A collaboration with ADEME to get more out of energy performance certificates
25.11.2021 | Sustainable finance
Did you know that home loans for individuals indirectly generate greenhouse gases? To ensure that BNP Paribas meets its climate commitments, our CSR team has worked with the French Ecological Transition Agency (ADEME) to optimise the use of the database gathering energy performance certificates (EPCs) of properties sold or leased in France. The experts explain how, together, ADEME and BNP Paribas are working toward an open source solution enabling all players to take action on climate change.
A national, open database
Since 2013, any energy performance certificate (EPC) carried out within a mandatory framework - for example during the sale of an apartment - must be forwarded to the dedicated monitoring centre for integration into its database. “The ADEME website was completely revamped this year, in particular to comply with the new EPC, which was applicable since July 1st,” explains Romuald Caumont, Project Manager of the Sustainable Cities and Territories Directorate at ADEME.Accessible to all, this database allows French State and local authorities to draw up an energy assessment of dwellings by territory, and individuals can use it to find out more. But why would that be of interest to banks?
“ this collective approach bringing together transversal expertise guarantees that it is objectivity, that it is fair for all actors, and that it is scientifically neutral. ”
Project Manager of the Sustainable Cities and Territories Directorate at ADEME
A collaboration to limit global warming
“The ADEME database allows us to have a granular calculation of the average climate performance of our real estate loan portfolio for individuals,” says Imène Ben Rejeb Mzah, Head of Methodology and Data within the CSR Department of BNP Paribas. By providing us with extra financial data, such as the carbon footprint of the financed properties, it allows the Bank to identify priority actions towards achieving its Net Zero objectives within the residential real estate sector.”
For ADEME, there are two major incentives for working with banks on improving the EPC database. “It's up to us to collect technical feedback so that we can optimise the database for usage by other players, and ultimately make it as useful as possible,” explains Romuald. “Moreover, this collective approach bringing together transversal expertise guarantees that it is objectivity, that it is fair for all actors, and that it is scientifically neutral.”
In order to enable the sector as a whole to make the best use of this base, the members of the French Banking Federation (FBF) co-drafted a methodological document, which is also available with open access (in French). “This collaboration improves the accuracy of climate performance measures for banks' portfolios,” says Ben Rejeb Mzah.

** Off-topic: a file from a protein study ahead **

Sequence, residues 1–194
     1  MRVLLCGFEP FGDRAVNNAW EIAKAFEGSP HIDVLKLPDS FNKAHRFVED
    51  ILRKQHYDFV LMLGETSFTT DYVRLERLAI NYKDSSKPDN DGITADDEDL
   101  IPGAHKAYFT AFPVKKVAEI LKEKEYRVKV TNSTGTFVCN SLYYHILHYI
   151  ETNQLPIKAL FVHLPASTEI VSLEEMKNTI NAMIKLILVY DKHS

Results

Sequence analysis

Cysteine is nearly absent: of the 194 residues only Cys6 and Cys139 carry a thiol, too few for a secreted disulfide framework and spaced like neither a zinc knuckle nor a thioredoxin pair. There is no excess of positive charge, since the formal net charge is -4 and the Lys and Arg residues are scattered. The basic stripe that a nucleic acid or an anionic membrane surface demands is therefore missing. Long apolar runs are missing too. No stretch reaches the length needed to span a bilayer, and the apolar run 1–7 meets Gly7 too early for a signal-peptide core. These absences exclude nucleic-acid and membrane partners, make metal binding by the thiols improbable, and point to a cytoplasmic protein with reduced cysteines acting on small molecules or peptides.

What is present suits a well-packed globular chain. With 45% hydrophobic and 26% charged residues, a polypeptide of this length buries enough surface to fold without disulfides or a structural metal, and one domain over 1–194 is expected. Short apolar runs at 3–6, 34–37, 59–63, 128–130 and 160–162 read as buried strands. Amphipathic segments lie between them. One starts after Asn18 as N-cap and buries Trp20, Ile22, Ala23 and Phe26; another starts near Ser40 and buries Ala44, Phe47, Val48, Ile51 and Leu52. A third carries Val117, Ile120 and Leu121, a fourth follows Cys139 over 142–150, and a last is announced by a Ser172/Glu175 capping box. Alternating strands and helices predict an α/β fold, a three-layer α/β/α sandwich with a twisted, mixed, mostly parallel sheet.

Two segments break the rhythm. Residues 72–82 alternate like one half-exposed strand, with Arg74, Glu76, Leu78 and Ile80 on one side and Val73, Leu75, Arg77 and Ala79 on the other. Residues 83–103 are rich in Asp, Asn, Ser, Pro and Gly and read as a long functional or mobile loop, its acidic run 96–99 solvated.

To limit global warming, the pooling of efforts to process and interpret data is very important. By providing a common basis for French investors, we are promoting the convergence of our decarbonisation efforts and thus the achievement of the objectives of the National Low Carbon Strategy.”
This collaboration improves the accuracy of climate performance measures for banks' portfolios.
Since 1 July 2021, the new EPC in France has become legally binding, thus increasing its impact. In concrete terms, this means that it now has the same legal value as other technical real estate diagnostics. The calculation method and document format have also been reviewed in order to make the EPC even more reliable and readable.
the database allows the Bank to identify priority actions towards Net Zero
Multi-faceted work for BNP Paribas
The Bank uses the data from the EPC database in several very concrete ways: “We identify the most energy intensive properties in order to carry out targeted transition actions, such as financing energy renovation works to maximise the impact on the real economy,” says Ben Rejeb Mzah. The data can also be used to improve the accuracy of financial risk measures performed in climate scenario analyses. “Lastly, we are using our machine learning algorithms to predict missing energy performances within the ADEME database,” explains Imène. A complete approach towards an ever more detailed set of data.
“we are using our machine learning algorithms to predict missing energy performances within the ADEME database.”
Head of Methodology and Data within the CSR Department
Phot credit : ©Maya Claussen/Westend61, Westend61,